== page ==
Chicago Workers’ Compensation Lawyers & Illinois Injury Lawyers

Paralysis and workers’ compensation

| Dec 9, 2014 | Worker Comp Blog |

Each workplace injury presents its own set of challenges. Some of these injuries, however, present far greater challenges than others and paralysis falls into that category. State law in Illinois provides financial compensation for workers who have become paralyzed from a workplace accident. A Chicago workers’ compensation lawyer often explains to injured workers that compensation may cover a portion of their lost income as well as initial and future medical costs.

People who work in construction, oil production, warehouses and in transportation are at a high risk of suffering a paralyzing accident. For example, a construction worker could fall from a scaffold or get hit by an object. This occurred to one worker who was left paralyzed when he flew eight feet after he was hit by a transformer which had not been turned off according to The Washington Post. In addition to a snapped spine, 10 percent of the worker’s body was left with third-degree burns.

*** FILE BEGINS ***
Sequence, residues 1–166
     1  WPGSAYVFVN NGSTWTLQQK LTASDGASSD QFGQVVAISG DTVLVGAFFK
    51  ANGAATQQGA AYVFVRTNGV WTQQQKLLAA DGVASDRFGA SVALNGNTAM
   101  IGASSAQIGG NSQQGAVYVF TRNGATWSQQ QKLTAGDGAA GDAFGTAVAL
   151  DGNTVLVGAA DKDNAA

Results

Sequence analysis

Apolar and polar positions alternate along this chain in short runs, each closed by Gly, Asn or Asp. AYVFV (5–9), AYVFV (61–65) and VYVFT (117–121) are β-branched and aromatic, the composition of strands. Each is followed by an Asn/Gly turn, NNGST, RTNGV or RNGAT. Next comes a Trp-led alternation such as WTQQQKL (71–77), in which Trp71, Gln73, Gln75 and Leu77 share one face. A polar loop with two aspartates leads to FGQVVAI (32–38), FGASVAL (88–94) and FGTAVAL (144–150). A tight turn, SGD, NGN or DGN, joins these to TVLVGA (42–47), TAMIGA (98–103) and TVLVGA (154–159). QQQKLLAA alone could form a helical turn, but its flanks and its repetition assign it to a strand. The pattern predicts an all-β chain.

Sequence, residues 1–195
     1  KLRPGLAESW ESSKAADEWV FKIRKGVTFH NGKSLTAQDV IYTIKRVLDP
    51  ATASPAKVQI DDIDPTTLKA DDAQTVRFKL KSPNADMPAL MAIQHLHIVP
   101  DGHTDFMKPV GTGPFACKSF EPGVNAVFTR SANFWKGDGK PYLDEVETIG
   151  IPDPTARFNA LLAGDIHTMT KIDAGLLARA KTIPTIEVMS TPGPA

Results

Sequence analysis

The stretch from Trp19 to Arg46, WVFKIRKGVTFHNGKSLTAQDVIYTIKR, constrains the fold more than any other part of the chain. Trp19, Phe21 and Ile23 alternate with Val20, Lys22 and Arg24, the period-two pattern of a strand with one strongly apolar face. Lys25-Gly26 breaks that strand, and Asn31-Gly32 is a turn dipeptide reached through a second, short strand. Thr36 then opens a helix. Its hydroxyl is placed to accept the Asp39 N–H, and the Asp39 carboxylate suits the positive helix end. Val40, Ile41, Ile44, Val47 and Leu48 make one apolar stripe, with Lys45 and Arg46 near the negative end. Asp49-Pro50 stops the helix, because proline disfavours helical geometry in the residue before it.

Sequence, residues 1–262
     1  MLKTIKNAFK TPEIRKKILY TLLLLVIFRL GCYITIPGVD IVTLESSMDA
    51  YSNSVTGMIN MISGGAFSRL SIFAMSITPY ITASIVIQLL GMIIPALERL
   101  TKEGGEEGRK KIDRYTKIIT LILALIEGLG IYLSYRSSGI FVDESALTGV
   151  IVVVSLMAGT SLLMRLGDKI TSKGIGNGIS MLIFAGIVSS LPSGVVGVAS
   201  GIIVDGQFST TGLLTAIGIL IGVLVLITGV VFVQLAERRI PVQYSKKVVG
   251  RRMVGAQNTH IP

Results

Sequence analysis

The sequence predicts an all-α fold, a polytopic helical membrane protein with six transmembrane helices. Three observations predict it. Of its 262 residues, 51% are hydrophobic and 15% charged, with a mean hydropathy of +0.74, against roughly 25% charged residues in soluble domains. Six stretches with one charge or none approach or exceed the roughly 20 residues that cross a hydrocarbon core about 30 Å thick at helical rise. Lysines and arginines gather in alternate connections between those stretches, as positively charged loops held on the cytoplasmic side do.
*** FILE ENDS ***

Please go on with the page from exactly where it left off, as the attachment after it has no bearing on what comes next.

Illinois workers’ compensation law

The Illinois Workers’ Compensation and Occupational Diseases Act provides financial assistance to Illinois workers who incur a work-related injury such as paralysis. In order to receive workers’ compensation, injured workers are responsible for specific and timely notification and filing requirements. Finally, the nature and magnitude of compensation depends on the nature of the injury.

The act specifically addresses the case of paralysis in various parts of Section 8.

“The specific case of loss of both hands, both arms, or both fee, or both legs, or both eyes, or of any two thereof, or the permanent and complete loss of the use thereof, constitutes total and permanent disability.”

Compensation for life

Workers who are left paralyzed after a workplace accident are entitled to compensation through the remainder of their lives. The amount of compensation they receive will be determined by several factors. These factors include the injured workers’ average weekly wage, the federal minimum wage under the Fair Labor Standards Act, and the number of dependents the worker has.

Compensation may also be used to cover the costs of care that a paralyzed worker may need. This can include 24-hour care for workers unable to care for themselves, medical equipment like a hospital bed, medical complications tied to the paralysis and any medications or special therapies recommended by a doctor.

Determining the total costs of a paralyzed worker’s current and future needs can be difficult. Illinois workers may wish to consult with an attorney to understand their options and their rights under state law.